Just a few days ago, RBS Group, regularly branded by the mainstream media in Britain as ‘crooks, thieves and conmen’ was exposed by a Buzzfeed News investigation entitled “The Dash For Cash: Leaked Files Reveal RBS Systematically Crushed British Businesses For Profit” where RBS stand accused of boosting revenues during the financial crisis by draining businesses of cash and stripping their assets. Many lost healthy businesses, many more lost lifetime savings, their homes, marriages and it is even reported that some committed suicide over the practices of this bank. Thousands of jobs were lost along the way. This organisation has no moral compass at all, so closing the bank accounts of news outlets should be of no surprise in the grand scheme of things.
There should be no doubt that press freedom in Britain is under attack. This was echoed by David Anderson, the Independent Reviewer of Terrorism Legislation, in which he warned in his 2014 review that bringing “journalism and blogging within the range of ‘terrorism’ encourages a ‘chilling effect.”
In a scandal that broke at the same time in October 2014, police admitted they had used the Regulation of Investigatory Powers Act (RIPA) to obtain journalists’ phone records, thereby bypassing legislation that protects journalistic sources. Then GCHQ admitted that it disregarded legally privileged information. This means that the UK’s three intelligence agencies have been spying on the communications of those who are taking legal action against them. All of this adds up to a picture that would make the Stazi blush with envy – suppressing a hostile media outlet and blanket surveillance of journalists.
The World Press Freedom Index recently found that most of the movement in the worlds press was indicative of a climate of fear and tension combined with increasing control over newsrooms by governments and private-sector interests, western ones included. And Britain was no exception as it has seen a recorded decline in press freedom for almost decade, but most notably since the Conservatives arrived in power from 2010.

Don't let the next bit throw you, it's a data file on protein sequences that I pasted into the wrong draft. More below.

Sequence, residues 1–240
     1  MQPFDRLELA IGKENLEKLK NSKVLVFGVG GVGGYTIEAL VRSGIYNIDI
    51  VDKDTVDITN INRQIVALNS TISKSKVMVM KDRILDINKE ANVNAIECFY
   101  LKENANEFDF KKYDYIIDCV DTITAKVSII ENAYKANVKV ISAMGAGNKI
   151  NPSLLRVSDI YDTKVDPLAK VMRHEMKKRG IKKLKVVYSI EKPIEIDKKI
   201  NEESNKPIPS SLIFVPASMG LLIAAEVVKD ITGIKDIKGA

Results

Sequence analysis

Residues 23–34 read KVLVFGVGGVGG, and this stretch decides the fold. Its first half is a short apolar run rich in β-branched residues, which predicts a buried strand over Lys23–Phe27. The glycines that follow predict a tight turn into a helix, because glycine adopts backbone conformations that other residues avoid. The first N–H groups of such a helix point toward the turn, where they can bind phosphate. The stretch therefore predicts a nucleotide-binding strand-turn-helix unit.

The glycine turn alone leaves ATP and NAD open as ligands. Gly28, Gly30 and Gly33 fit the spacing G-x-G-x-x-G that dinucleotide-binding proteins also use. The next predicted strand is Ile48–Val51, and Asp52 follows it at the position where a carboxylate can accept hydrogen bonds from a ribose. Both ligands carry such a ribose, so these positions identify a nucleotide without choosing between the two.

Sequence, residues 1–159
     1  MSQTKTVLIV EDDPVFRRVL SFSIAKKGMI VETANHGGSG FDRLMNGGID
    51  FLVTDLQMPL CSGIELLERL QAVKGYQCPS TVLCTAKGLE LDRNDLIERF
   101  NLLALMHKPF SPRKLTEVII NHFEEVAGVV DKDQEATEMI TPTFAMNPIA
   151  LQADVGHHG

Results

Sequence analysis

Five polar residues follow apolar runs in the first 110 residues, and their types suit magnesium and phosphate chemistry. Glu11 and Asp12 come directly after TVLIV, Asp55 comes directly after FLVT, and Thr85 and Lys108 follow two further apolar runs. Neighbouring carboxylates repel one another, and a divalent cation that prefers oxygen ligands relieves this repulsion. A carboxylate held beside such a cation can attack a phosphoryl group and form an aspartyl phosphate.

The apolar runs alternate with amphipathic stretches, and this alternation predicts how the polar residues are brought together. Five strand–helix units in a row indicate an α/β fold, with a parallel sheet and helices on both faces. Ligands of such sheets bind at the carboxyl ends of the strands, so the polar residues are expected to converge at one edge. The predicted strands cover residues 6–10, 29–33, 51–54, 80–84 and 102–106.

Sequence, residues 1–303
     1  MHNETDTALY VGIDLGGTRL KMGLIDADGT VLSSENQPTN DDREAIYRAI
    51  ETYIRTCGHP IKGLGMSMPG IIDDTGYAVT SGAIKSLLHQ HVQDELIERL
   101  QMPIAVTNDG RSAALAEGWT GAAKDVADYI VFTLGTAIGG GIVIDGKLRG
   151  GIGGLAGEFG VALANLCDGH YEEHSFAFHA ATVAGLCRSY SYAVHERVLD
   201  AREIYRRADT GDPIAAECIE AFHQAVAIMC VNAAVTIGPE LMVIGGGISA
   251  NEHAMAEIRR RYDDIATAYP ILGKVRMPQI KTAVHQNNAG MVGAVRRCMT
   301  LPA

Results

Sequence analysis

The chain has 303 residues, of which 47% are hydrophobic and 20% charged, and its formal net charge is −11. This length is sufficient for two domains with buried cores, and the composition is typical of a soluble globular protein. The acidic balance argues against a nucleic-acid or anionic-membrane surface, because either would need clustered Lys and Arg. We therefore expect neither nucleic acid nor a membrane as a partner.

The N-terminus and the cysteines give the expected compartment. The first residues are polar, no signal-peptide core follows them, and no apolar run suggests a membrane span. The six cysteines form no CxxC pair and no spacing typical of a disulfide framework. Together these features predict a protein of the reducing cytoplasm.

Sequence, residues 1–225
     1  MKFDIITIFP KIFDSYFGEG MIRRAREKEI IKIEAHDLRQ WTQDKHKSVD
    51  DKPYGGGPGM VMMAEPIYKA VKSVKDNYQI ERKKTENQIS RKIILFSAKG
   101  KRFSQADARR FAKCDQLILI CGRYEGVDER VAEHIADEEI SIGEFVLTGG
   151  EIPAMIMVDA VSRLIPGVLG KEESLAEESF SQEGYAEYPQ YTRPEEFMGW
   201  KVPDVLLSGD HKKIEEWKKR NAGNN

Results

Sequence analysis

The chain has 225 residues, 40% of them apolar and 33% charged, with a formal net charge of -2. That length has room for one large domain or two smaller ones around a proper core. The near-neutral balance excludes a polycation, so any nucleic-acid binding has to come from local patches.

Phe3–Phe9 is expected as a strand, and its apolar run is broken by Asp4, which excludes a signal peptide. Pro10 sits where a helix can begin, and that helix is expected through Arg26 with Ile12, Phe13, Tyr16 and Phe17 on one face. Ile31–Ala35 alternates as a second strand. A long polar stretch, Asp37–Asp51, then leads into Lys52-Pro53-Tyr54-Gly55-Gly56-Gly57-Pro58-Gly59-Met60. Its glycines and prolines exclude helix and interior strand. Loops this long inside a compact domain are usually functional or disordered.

The result is that the UK has year-on-year fallen down the press freedom rankings and as at last year was sitting at 38th place behind countries such as Tonga, Belize, Lithuania, Chile, Samoa, Ghana, Latvia, Czech Republic, Estonia, Slovakia and Jamaica. In the same rankings report, the USA has now fallen to 41st place straddled between Slovenia (40th) and Burkino Fasa (42nd), which says it all!
Just to add a little more fog to the freedom of the press story, Julian Assange’s internet was cut off by the Ecuador embassy in London yesterday, WikiLeaks has said. Reports coming out of Ecuador are now pointing to increased pressure on the Ecuador government to remove Assange’s asylum status, and finally expel him from their embassy, and into UK police custody. That information comes via RT in which it states that Ecuador is being urged to end its asylum of Wikileaks co-founder Julian Assange by one of its most prominent diplomats, following the recent leak of Democratic National Committee (DNC) emails and other emerging scandals involving Hillary Clinton.
The United Nations even took a position on this by stating that: “Mr. Assange had been subjected to different forms of deprivation of liberty – initial detention in Wandsworth Prison in London, followed by house arrest and then confinement at the Ecuadorean Embassy.” The British government have completely ignored UN requests for Assange’s immediate unconditional release and placed armed police outside the embassy building.